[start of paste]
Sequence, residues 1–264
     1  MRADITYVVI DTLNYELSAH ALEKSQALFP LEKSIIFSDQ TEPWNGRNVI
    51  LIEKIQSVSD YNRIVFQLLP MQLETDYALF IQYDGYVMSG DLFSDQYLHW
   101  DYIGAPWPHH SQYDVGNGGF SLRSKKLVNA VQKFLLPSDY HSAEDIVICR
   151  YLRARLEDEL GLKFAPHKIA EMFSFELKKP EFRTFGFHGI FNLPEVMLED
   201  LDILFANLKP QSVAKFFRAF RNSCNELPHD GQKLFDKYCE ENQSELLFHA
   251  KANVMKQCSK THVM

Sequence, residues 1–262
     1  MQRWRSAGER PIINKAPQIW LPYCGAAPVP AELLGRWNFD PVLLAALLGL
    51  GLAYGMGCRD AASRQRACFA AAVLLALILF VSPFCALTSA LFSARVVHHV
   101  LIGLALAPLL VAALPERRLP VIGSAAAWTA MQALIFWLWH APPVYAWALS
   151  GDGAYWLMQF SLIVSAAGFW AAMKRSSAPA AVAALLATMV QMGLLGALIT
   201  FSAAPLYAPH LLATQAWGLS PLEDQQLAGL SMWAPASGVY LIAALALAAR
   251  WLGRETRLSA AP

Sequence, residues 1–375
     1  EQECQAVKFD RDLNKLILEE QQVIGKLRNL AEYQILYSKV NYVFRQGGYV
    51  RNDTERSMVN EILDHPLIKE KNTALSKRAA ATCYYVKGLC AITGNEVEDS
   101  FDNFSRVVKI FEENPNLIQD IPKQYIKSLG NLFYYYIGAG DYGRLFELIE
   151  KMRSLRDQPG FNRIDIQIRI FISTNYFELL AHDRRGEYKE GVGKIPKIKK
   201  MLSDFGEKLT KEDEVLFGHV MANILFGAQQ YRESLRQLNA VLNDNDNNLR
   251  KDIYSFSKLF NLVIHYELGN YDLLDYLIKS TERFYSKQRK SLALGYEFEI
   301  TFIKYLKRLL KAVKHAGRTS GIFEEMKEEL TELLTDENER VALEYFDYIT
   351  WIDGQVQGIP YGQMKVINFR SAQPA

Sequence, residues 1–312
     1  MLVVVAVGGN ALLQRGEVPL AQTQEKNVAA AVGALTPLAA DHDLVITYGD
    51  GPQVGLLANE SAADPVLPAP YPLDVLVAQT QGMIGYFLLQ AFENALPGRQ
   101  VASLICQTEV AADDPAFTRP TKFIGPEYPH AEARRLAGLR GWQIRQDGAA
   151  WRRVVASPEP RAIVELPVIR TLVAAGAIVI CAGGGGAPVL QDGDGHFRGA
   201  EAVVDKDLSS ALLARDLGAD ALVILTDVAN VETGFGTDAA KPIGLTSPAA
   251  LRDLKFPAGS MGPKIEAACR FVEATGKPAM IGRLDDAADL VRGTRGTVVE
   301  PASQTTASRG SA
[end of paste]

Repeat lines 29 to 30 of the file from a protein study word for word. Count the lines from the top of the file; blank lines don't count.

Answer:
   201  EAVVDKDLSS ALLARDLGAD ALVILTDVAN VETGFGTDAA KPIGLTSPAA
   251  LRDLKFPAGS MGPKIEAACR FVEATGKPAM IGRLDDAADL VRGTRGTVVE